The Lebanese army has deployed in the Lebanese city of Tripoli around the main state institutions after a night of protests and riots due to deteriorating living conditions, in which several demonstrators and 10 soldiers were injured.

Protesters attacked several state institutions in that city last night, but the state news agency said that Tripoli and other cities are peaceful today.

There were protests across Lebanon on Saturday as the economic crisis worsened. The World Bank has described the crisis as one of the worst in the world in 150 years. It is also a consequence of the political stalemate due to which Lebanon has not had a government since August last year.

The biggest protests were in the southern port city of Sidon and Tripoli, the second largest and poorest Lebanese city. Sporadic protests and roadblocks took place in the capital, Beirut.

Lebanon suffers from a severe shortage of basic products, including fuel, medicines and medical products, which has angered citizens.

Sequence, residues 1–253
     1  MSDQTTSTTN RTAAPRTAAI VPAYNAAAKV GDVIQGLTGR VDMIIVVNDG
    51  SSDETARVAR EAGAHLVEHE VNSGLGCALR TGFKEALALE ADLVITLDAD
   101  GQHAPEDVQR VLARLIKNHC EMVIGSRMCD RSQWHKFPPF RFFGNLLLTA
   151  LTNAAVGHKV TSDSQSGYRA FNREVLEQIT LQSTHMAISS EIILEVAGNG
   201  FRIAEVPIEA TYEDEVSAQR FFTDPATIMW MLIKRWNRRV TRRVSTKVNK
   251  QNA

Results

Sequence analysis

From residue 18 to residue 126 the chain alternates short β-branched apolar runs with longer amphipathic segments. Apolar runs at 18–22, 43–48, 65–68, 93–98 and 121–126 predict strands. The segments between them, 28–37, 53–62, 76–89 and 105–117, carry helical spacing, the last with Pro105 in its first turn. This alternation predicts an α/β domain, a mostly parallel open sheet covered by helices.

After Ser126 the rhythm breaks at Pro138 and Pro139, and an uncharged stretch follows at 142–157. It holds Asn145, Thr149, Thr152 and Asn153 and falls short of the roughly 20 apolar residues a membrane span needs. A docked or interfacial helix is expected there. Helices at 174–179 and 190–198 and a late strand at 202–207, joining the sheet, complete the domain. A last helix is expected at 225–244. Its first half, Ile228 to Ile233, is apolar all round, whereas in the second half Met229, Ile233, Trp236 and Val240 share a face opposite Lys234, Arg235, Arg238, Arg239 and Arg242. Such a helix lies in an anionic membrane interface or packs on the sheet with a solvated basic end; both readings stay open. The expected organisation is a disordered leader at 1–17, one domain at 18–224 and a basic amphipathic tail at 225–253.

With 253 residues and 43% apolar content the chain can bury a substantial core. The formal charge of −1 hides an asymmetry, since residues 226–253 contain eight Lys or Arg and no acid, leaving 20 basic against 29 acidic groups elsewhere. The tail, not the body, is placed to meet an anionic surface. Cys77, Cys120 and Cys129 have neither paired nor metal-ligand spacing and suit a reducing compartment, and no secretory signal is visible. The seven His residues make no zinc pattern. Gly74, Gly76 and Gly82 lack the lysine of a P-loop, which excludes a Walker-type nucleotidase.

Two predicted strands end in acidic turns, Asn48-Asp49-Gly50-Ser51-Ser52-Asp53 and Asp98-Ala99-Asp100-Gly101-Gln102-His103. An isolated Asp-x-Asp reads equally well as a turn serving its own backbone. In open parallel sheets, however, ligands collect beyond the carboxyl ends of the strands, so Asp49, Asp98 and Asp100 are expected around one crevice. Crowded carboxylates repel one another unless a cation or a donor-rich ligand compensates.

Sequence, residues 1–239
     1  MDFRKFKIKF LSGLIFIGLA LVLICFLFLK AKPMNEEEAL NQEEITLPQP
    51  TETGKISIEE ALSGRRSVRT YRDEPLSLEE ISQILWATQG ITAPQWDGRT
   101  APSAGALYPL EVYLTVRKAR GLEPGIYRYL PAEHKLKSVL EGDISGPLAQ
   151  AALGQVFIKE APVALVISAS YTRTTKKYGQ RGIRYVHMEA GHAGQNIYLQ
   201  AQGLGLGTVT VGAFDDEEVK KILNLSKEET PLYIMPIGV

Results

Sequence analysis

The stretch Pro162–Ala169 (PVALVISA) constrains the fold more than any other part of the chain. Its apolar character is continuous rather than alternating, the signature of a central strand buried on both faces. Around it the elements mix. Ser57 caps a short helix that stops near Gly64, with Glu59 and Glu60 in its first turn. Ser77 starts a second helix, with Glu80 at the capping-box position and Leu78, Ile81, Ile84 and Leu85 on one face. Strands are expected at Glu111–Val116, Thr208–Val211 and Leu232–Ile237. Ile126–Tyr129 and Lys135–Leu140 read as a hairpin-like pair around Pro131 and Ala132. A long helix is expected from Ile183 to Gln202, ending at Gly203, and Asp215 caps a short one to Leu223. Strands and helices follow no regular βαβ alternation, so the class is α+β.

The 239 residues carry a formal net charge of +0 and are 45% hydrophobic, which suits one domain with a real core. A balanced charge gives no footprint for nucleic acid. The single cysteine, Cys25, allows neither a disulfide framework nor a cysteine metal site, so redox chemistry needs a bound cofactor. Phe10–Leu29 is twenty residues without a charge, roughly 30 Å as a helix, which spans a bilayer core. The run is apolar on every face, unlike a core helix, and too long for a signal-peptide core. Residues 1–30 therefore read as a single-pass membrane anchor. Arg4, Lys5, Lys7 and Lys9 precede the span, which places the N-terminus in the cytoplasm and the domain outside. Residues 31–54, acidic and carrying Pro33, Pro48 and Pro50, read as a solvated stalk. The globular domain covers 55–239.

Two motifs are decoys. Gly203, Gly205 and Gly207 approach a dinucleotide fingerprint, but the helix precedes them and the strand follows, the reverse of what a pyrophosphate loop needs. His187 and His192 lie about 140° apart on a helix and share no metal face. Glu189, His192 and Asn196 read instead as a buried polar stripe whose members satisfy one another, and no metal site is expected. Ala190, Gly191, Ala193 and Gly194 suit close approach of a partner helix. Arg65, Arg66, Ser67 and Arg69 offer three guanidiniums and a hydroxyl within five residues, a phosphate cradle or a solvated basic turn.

The Lebanese currency reached a record low on Saturday: 18,000 pounds for one US dollar. The pound lost more than 90 percent of its value with the crisis.

In October 2019, protesters called for the removal of the political class that had held the country since the end of the 1975-90 civil war, accusing them of corruption and mismanagement, thus ruining the economy.

The army said that last night, rioters on motorcycles threw shock bombs at soldiers in Tripoli and injured nine, and one soldier was injured by a stone.

The situation in Lebanon is not expected to improve as political squabbles between President Michel Aun and Prime Minister-designate Saad Hariri have prevented the formation of a government since Hariri was appointed in October. Negotiations with the International Monetary Fund on the economic crisis have been suspended since last year.

The World Bank announced that the gross domestic product of Lebanon will decrease by 9.5 percent this year, and in 2020 it will decrease by 20.3 percent and by 6.7 percent in 2019.

Tens of thousands of people have lost their jobs since the end of 2019 in that small country with six million inhabitants, including a million refugees who came from Syria. More than half of the population lives in poverty.

By Editor

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